Other authorities clearly do not agree with the Taz. One possible reason is the status of the shehecheyanu blessing. Based on the Gemara (Eruvin 40b), it seems that the shehecheyanu blessing on fruit is reshus, optional, rather than actually obligatory (this is not the case for new garments or utensils). The Sefer Ha-Eshkol (Hoda’ah 23) understands this to mean that there is no obligation to see (or eat) a new fruit, implying that one who does see a new fruit is obligated to recite the blessing. However, the Beis Yosef (225:7) cites the Rashba who says that the entire beracha is optional, even upon seeing a new fruit. This is also the ruling of the Mishnah Berurah (225:9).

Nonetheless, the Mishnah Berurah (225:19) writes that a person should be careful to partake of new fruit, citing the Yerushalmi that a person must show how he appreciates and values Hashem’s creation. The Korban Ha-Eidah writes that according to one interpretation, it is particularly important to recite the shehecheyanu blessing, by which “a person given thanks and praise to Hashem for creating good things that people enjoy.” Yet, the blessing still falls short of a full obligation.

Thus, one possible reason for disputing the ruling of the Taz is that the shehecheyanu blessing does not involve a full obligation, so that we are not concerned that a person might die before reciting it.

Purchases in the Three Weeks

Based on the ruling that one should not recite shehecheyanu during the Three Weeks, we learn that one should also not buy any clothing or other valuable items that would require a person to recite the blessing (see Kitzur Shulchan Aruch 122:2, Mishnah Berurah 551:99).

Based on this, it seems that it is permitted to buy items in during the Three Weeks if no shehecheyanu blessing is recited upon their purchase.

For instance, it is customary to recite the shehecheyanu blessing only upon wearing a new item of clothing, and not upon its purchase. Based on this custom, many maintain that there is no prohibition against buying a new garment in the Three Weeks (before the Nine Days), as long as it is not worn until after the period, when the shehecheyanu will be recited (see Nechamas Yisrael, p. 40, footnote 70, citing Rav Chaim Kanievsky).

However, Rav Yosef Shalom Elyashiv is reported to have disagreed with this: Since the obligation of the shehecheyanu is incurred upon the purchase, one may not buy the item even if the shehecheyanu is delayed. He might still agree with the ruling of Rav Chaim Kanievsky, in case one bought a garment that required alterations, and was therefore unfit for wearing at the time of purchase.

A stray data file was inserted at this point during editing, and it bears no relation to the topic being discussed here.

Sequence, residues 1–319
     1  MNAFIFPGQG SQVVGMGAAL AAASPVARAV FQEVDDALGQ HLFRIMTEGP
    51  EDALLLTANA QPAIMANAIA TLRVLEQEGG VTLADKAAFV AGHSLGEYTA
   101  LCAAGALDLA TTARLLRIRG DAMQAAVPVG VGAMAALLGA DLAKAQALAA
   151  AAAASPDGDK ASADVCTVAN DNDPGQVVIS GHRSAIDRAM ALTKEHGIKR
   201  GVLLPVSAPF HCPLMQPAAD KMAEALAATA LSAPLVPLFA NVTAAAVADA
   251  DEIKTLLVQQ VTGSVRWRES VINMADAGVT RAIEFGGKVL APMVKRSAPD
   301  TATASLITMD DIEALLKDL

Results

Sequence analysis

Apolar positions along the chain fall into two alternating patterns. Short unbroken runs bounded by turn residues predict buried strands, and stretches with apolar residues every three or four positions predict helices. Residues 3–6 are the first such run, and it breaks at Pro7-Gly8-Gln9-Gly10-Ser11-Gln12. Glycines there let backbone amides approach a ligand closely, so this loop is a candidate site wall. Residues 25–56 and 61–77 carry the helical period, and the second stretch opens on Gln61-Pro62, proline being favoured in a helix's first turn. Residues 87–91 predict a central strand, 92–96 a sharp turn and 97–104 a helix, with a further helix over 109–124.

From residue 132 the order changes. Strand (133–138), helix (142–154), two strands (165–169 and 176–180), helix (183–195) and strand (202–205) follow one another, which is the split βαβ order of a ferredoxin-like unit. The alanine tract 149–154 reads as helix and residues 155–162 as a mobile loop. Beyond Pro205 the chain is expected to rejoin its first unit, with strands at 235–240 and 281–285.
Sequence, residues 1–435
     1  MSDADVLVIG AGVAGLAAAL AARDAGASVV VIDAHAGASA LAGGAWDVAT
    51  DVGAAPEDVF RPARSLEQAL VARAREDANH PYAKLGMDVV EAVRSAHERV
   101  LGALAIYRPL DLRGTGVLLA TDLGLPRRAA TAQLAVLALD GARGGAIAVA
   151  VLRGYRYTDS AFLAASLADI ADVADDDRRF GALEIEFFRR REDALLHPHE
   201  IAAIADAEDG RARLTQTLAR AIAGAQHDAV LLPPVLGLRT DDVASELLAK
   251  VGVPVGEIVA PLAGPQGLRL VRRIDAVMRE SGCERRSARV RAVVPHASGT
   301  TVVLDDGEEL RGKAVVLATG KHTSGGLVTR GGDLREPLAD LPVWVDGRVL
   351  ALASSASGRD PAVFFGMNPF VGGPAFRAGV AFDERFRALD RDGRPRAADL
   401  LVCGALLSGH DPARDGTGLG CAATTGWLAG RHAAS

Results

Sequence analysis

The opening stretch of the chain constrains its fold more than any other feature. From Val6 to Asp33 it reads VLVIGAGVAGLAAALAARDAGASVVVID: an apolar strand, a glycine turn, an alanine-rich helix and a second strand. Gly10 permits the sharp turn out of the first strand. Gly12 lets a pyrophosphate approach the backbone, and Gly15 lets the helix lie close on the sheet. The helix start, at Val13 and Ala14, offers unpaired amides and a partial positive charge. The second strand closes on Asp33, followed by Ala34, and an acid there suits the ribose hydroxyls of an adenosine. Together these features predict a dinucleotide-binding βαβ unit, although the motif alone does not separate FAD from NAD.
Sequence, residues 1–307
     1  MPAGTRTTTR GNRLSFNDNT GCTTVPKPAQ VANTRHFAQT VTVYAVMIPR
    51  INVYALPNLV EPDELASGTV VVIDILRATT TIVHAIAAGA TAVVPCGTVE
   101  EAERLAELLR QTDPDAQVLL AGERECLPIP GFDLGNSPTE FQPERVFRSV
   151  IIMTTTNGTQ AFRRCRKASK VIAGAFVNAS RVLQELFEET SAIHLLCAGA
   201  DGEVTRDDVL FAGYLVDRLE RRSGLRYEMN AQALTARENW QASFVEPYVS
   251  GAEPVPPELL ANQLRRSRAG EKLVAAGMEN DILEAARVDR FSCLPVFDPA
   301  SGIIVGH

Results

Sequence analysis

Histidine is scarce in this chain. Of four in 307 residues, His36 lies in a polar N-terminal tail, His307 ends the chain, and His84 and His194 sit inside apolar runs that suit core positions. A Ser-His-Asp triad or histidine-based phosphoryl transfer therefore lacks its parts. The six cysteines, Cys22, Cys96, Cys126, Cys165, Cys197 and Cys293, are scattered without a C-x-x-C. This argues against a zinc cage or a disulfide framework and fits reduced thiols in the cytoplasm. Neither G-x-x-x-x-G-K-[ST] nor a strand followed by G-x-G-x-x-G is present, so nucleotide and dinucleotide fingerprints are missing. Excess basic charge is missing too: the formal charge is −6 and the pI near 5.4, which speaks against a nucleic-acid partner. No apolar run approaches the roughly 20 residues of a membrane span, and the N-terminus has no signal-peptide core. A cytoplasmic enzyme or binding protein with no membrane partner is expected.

It is of course permitted to wear a new garment in the Three Weeks if shehecheyanu was already recited at the time of purchase, before the period commences. The concern is only for the shehecheyanu blessing itself.

An important teshuva of Rav Moshe Feinstein (Shut Iggros Moshe, Orach Chaim 3:80) addresses the question of buying a new car in the Three Weeks, before the Nine Days. He writes that if the car is for personal use, “it is obvious that this is prohibited,” because of the shehecheyanu blessing that is recited.

However, if the car is being bought for family use, and not for personal use alone, the blessing that would be recited is not shehecheyanu but rather hatov vehameitiv. In this case, Rav Moshe writes that it is permitted to purchase the car, and only forbidden to do so in the Nine Days, because of the joy involved in such a significant purchase (which he compares to a “joyful construction” which is prohibited).

Joyful Experiences

What is the halacha concerning a joyful experience that a person has in the Three Weeks period: should shehecheyanu be recited or not?

Concerning the birth of a daughter, for which the common custom (as ruled by the Mishnah Berurah) is to recite shehecheyanu, a number of contemporary authorities have stated that the regular shehecheyanu blessing should be recited (Mekadesh Yisrael 29, Nitei Gavriel 17:19, Avnei Yashfei 5:80).

A similar idea is found in cases when a person inadvertently eats a new fruit. For example, if somebody mistakenly recited a beracha rishona on a fruit which requires a shehecheyanu, several authorities (see Shaarei Teshuva 551:38) state that one should recite shehecheyanu as usual (see, however, Kaf Hachaim 215).

However, Rav Moshe writes (in the above teshuva) that when a person needs to buy a car for business purposes, he does not need to refrain from purchasing the car during the Three Weeks, and thereby incur a financial loss. Concerning the shehecheyanu blessing, he writes that the person should not say the blessing upon purchasing the car, but rather wait until after the Three Weeks period before reciting the blessing.

While the case seems similar to the question of eating a new fruit, the accepted ruling for fruit is that after eating a fruit for the first time, one can no longer recite shehecheyanu the next time it is eaten (see Mishnah Berurah 225:11). We can distinguish between the cases, in that the joy of a new car extends for a significant time, while the joy of a new fruit is limited to a shorter time. For the car, one can therefore say shehecheyanu after the Three Weeks—which is not true of the fruit.